The Oxford English Dictionary identifies bayou as “American French,” from the Choctaw bayuk, and defines it as “the name given (chiefly in the southern States of N. America) to the marshy off-shoots and overflowings of lakes and rivers.” My favorite among the dictionary’s ten citations is drawn from A Narrative of the Life of David Crockett (1834), published by the frontiersman two years before his death at the Alamo: “A small byo, cross which there was a log.” The OED records Crockett’s spelling and these variants: bayoue, bayeau and the plural bayoux.
Another Northerner, Amy Clampitt, wrote “Bayou Afternoon” (A Silence Opens, 1993). I assume she’s describing a scene in Louisiana, but nothing she includes is alien to Houston. All the bird species she catalogs I’ve seen here, fleetingly, but Clampitt’s poem is more than a travelogue or nature journal. From “Out of the imprecise,” she writes, comes “such / specificity.” She cites the spoonbill, “back from / a rim known as extinction.” Our species in Texas and Louisiana is the roseate spoonbill (Platalea ajaja), accurately described by Clampitt as “paintbox– / tinged pink and green.” We too live close to a rim, she reminds us:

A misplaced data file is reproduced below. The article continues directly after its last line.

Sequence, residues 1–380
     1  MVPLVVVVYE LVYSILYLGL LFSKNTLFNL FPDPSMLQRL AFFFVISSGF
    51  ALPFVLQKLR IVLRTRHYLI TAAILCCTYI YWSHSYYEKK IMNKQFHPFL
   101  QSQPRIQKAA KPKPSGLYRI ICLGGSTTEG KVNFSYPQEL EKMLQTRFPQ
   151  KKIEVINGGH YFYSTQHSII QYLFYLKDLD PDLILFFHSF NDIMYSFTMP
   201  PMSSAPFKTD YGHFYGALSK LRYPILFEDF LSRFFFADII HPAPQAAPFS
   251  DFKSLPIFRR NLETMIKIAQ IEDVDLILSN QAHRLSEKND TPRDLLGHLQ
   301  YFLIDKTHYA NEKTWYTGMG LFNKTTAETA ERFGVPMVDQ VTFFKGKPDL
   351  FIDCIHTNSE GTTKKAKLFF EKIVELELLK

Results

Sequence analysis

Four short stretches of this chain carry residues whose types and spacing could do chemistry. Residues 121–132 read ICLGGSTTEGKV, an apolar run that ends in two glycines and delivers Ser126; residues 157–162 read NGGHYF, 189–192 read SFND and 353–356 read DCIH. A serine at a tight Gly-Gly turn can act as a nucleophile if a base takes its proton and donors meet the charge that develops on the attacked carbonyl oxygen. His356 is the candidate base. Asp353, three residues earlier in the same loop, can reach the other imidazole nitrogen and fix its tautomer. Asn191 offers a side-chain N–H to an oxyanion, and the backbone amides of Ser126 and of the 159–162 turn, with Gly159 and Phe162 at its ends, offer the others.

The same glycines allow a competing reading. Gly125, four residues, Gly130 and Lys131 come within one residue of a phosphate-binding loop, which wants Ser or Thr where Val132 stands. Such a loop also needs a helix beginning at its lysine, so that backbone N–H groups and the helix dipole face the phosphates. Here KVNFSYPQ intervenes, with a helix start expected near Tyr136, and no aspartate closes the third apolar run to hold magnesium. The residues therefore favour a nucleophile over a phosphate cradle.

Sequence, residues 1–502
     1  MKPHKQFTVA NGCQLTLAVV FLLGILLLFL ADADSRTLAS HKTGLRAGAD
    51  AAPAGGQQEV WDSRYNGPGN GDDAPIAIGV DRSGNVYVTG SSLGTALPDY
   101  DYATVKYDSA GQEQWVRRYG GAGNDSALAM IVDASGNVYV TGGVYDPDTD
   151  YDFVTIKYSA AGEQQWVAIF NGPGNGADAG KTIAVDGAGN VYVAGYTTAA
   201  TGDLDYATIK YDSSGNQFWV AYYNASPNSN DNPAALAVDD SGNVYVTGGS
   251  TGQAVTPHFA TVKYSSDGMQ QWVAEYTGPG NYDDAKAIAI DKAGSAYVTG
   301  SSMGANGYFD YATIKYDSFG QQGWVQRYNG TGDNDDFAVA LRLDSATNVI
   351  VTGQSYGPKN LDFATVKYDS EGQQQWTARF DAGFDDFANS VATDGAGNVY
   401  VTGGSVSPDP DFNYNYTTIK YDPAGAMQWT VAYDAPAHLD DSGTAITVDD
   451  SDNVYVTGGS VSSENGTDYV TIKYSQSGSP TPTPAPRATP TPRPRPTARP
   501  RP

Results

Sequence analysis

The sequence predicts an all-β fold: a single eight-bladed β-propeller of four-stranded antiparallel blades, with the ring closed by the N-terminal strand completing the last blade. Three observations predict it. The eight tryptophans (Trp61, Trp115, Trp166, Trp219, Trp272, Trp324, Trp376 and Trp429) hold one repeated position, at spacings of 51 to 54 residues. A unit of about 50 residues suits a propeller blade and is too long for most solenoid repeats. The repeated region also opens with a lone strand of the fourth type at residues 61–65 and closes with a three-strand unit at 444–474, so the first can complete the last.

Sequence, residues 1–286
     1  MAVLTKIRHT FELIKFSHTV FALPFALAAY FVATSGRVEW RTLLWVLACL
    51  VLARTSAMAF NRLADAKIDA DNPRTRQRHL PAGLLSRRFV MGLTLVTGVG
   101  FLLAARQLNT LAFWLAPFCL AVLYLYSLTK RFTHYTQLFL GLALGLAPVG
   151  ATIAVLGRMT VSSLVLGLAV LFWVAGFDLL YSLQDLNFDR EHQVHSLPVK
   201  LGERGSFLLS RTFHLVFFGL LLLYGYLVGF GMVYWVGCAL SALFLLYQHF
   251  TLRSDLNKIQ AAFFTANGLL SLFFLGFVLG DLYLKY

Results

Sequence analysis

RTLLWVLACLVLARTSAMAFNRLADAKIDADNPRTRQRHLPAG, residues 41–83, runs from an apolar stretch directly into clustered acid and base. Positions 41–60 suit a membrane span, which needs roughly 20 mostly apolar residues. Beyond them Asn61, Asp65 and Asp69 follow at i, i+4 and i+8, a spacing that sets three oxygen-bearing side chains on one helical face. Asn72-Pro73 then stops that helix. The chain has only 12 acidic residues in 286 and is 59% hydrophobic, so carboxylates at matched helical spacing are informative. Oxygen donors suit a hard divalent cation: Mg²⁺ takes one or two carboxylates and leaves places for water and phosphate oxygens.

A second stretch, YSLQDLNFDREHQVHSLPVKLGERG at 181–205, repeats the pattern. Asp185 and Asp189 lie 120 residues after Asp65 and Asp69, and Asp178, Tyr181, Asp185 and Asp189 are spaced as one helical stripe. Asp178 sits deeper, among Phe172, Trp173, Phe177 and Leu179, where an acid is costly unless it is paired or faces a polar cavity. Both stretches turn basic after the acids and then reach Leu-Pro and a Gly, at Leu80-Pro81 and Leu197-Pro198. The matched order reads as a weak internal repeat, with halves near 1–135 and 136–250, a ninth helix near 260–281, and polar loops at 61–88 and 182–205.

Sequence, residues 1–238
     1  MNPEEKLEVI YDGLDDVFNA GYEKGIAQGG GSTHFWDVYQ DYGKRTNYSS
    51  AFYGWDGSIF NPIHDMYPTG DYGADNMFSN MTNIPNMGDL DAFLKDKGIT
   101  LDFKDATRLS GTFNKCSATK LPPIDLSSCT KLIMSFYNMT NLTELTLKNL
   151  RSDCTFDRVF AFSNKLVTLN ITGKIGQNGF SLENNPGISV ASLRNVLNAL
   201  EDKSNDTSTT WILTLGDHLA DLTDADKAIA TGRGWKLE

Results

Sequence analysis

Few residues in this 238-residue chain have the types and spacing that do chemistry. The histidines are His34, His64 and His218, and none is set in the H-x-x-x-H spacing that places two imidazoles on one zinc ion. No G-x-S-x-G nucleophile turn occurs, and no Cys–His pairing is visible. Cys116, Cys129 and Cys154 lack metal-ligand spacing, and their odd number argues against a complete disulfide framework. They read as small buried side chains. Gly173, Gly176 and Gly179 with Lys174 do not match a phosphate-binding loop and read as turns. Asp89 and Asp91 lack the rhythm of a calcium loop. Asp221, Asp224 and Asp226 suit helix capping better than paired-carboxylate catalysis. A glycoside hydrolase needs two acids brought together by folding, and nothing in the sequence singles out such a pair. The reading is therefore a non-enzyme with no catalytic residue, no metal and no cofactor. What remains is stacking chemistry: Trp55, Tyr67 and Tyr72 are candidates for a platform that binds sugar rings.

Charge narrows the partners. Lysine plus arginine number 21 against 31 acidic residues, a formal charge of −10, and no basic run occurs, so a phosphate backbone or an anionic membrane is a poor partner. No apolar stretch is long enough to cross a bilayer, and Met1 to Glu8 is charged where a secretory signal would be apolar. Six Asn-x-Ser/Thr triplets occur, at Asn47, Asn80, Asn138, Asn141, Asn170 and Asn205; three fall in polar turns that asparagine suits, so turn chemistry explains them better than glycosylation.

“…at the rim we
necessarily inhabit, a happenstance
still brimming, still uncodified.”
Our rim is the boundary between worlds, the physical and what lies beyond, “the muck / of bright and dark.” We move in ignorance toward the “uncodified,” unequipped with binoculars and field guide, hoping for the best.